Diverse Work Force Brings Success to KSC
Disability Awareness and Action Working Group event

Former Center Director Roy Bridges stops to pet one of the dogs that serves with Canine Companions for Independence, a vendor displaying the dogs' capabilities at the Disability Awareness and Action Working Group's 1999 Technology Fair at Kennedy Space Center. Image credit: NASA
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Erin Parrish receives the Evelyn Johnson Scholarship.

At Kennedy Space Center's annual Black Employee Strategy Team's African-American History Month luncheon, Erin Parrish, left, displays a plaque she received from Elaine Johnson that names her the recipient of the Evelyn Johnson Scholarship in 2006. Image credit: NASA
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The House Committee on Science and Technology in Washington, D.C., held a hearing July 30 to celebrate NASA's 50th Anniversary by reviewing its accomplishments and examining its future opportunities and challenges.

Space and Aeronautics Subcommittee Chairman Mark Udall said, "I think we owe a debt of appreciation to all the men and women of NASA, its contractors, and the universities and research institutions that have made it all possible."

Achievements at Kennedy Space Center happen because of a superior work force characterized by its diversity.

The diversity of Kennedy's work force includes job titles, culture, ethnicity, gender and disabilities.

As Kennedy's Space Shuttle Program and Launch Services Program matured, its work force expanded. In 1968, Kennedy had more than 25,000 employees, 2,921 of which were NASA civil servants. Kennedy's work force now numbers around 14,950. That includes 2,197 civil servants and students, and 10,937 contractor employees.

Ten years ago, there were 1,985 civil servants at Kennedy:

61 percent in scientific and engineering positions, 21 percent in professional administration, nearly 10 percent in technical support and eight percent in clerical.

Of the 2,197 civil servants in 2007, 62 percent were scientific and engineering, 27 percent administration, 7 percent technical and 4 percent clerical.

In 1983, minorities made up less than 10 percent of the civil servant work force. That increased to more than 17 percent between 1995 and 1996. In 2007, minorities made up 23 percent of NASA's civil servants.

Reinforcing Kennedy's diversity goals are more than eight affinity groups and professional organizations that seek to improve working conditions and opportunities at the center. They provide networking and mentoring opportunities for career development and also seek to diminish any barriers that might prohibit that development.

The Black Employee Strategy Team, or BEST, is an organization of the center's African-American employees.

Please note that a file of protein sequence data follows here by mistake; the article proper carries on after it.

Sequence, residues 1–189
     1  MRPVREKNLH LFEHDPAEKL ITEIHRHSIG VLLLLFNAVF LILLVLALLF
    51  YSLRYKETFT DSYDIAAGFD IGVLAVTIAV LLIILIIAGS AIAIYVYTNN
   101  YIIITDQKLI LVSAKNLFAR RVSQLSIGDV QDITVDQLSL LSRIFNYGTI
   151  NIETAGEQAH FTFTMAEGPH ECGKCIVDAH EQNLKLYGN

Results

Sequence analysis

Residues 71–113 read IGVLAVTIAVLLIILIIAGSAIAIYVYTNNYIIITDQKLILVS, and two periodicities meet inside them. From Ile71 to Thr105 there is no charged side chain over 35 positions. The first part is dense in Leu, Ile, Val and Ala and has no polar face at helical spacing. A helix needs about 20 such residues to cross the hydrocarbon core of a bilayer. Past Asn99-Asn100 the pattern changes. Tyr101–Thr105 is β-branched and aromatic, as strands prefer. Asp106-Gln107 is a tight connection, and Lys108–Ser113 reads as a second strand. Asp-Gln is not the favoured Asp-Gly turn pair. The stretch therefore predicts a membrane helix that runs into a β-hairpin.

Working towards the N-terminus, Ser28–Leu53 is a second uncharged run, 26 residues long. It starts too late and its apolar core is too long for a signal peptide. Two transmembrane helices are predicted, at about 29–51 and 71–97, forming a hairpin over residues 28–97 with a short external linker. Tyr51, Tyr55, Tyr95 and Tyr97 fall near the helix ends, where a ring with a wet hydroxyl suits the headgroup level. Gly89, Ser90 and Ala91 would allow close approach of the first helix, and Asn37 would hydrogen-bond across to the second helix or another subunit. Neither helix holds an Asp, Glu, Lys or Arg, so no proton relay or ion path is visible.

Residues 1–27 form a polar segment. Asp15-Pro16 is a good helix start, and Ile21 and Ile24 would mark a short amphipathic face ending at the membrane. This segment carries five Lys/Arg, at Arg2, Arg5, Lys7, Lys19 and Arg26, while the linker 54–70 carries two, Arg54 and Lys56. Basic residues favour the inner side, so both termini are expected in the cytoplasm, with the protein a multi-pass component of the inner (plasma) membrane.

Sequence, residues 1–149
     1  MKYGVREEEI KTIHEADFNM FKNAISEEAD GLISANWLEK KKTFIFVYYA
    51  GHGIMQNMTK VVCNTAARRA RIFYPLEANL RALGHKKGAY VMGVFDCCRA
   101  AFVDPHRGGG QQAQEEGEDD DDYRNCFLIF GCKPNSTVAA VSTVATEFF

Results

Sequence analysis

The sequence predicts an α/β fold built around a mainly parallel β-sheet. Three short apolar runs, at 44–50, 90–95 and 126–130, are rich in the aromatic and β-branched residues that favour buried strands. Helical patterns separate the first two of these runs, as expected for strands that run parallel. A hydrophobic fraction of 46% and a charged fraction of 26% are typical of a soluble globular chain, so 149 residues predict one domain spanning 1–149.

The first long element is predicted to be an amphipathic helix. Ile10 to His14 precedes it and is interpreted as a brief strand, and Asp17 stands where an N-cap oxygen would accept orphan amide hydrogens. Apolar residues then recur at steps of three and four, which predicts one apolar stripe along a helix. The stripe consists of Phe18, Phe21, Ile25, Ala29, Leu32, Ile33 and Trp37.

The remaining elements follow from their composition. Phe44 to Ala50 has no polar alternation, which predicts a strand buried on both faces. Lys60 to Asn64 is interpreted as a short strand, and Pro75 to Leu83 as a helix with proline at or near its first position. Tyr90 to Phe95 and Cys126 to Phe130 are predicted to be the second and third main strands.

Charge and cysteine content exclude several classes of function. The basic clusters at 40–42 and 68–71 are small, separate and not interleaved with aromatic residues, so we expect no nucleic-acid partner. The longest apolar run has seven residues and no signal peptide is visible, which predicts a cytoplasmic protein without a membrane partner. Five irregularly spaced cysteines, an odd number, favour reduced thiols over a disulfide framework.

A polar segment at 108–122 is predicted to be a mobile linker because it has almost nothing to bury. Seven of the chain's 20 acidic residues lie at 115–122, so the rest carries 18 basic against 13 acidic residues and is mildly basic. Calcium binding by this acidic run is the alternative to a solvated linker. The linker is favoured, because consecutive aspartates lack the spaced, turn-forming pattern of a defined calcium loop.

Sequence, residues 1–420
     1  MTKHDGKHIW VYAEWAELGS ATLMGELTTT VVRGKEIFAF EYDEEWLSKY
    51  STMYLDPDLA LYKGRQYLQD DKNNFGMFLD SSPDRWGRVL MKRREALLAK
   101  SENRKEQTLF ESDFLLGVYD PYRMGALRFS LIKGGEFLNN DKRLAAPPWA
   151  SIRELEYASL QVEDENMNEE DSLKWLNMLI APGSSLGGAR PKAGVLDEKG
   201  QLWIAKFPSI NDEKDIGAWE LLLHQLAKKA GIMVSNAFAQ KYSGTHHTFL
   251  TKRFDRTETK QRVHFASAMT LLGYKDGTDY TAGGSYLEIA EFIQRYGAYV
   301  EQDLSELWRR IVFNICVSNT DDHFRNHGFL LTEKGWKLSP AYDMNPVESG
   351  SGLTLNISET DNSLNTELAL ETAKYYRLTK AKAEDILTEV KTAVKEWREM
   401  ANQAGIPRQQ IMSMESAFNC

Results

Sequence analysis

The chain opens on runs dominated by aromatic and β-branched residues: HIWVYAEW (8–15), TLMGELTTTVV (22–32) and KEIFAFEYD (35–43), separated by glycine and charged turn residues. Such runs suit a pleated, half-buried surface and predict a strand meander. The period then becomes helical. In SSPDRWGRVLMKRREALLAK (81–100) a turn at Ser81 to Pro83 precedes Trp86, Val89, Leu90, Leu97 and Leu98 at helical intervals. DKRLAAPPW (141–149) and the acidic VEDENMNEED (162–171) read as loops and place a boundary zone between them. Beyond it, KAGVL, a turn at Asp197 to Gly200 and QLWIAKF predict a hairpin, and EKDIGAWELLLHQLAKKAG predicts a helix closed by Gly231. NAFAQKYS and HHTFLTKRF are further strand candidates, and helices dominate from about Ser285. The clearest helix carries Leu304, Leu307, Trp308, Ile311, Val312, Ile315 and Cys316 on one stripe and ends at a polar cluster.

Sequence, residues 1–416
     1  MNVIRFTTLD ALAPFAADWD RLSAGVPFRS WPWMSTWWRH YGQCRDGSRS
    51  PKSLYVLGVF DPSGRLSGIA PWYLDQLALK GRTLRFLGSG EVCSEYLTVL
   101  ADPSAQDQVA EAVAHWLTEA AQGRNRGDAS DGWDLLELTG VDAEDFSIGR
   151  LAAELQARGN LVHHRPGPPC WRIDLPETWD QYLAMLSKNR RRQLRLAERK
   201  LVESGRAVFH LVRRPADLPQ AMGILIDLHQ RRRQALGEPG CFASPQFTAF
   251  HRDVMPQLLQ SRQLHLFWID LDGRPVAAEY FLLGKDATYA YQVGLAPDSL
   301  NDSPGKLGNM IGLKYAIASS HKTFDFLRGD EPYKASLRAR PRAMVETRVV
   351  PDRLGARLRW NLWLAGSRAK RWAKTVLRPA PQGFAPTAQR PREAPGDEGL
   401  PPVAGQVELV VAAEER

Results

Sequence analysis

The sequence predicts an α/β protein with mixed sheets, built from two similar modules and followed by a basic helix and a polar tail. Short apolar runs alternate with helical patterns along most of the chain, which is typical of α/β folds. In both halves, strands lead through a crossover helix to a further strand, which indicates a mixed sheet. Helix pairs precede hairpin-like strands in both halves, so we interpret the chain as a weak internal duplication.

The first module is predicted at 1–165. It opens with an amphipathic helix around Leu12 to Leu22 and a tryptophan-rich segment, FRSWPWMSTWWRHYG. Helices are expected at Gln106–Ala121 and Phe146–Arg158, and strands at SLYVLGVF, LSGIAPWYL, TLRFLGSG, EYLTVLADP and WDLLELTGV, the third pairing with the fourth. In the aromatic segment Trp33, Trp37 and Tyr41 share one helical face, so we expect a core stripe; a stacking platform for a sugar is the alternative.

Wanda Harding, mission manager of the Flight Projects Office of the Launch Services Program, said, "BEST represents a voice of conscience that the opportunities for African-Americans to serve across all levels of responsibility and leadership at KSC remain uncompromised. BEST is therefore not only interested in keeping the pipeline populated, but in the growth and development of those employees to remain competitive and ready to serve at the highest levels." Harding is a member of the BEST Steering Committee. In 1989, the National Society of Women Engineers or SWE, chartered the Space Coast Section in Florida for women engineers in the Brevard, Indian River and Volusia Counties. Kennedy provided 25 of the charter members for Florida’s Space Coast Section.

SWE's mission is to inform the community of opportunities open to women in engineering and encourage women to enter and grow in engineering and the sciences. Of the 143 members in the section, 58 are from Kennedy. Seven of the charter members remain active: Kathleen F. Harer, Judith A. Kersey, Merri Anne Stowe, Charlotte L. Ort, Joan M. Wenaas, Katherine M. Gay and Monique P. Butler.

SWE gives awards to deserving women engineers annually, such as Outstanding Woman Engineer of the Year, the Distinguished New Engineer of the Year and Woman Engineer Technical Achievement. Since 2003, the society has recognized 18 women, eight awards going to Kennedy employees.

Susan Floyd, a senior manager in Systems Engineering with Florida Space Shuttle Operations, has been a member of SWE for 10 years. Inspired by a joint SWE-University of Central Florida conference in Orlando to bring awareness of career choices in math and science to high school girls, Floyd decided to work in SWE to bring similar exposure to Brevard County and include girls in third through ninth grades.

Floyd says a benefit of SWE involvement is how "management looked at me differently – they considered it important to work in SWE and appreciated how active I was at both the local and national level." She adds, "I enjoy the ability to network with other women in SWE for personal and professional reasons."

The Disability Awareness and Action Working Group, known as DAAWG, is an advocate for hiring individuals with disabilities and disabled veterans. DAAWG enhances awareness of their capabilities and value throughout the center, removing barriers that hinder employees from working at their full potential, and providing a forum for discussion and resolution of issues concerning people with disabilities.

The group hosts a special event annually, frequently including vendors demonstrating mobility, hearing, vision and silent disability assistive technology that assist people with various disabilities in the workplace.
Anita Barrett
NASA's John F. Kennedy Space Center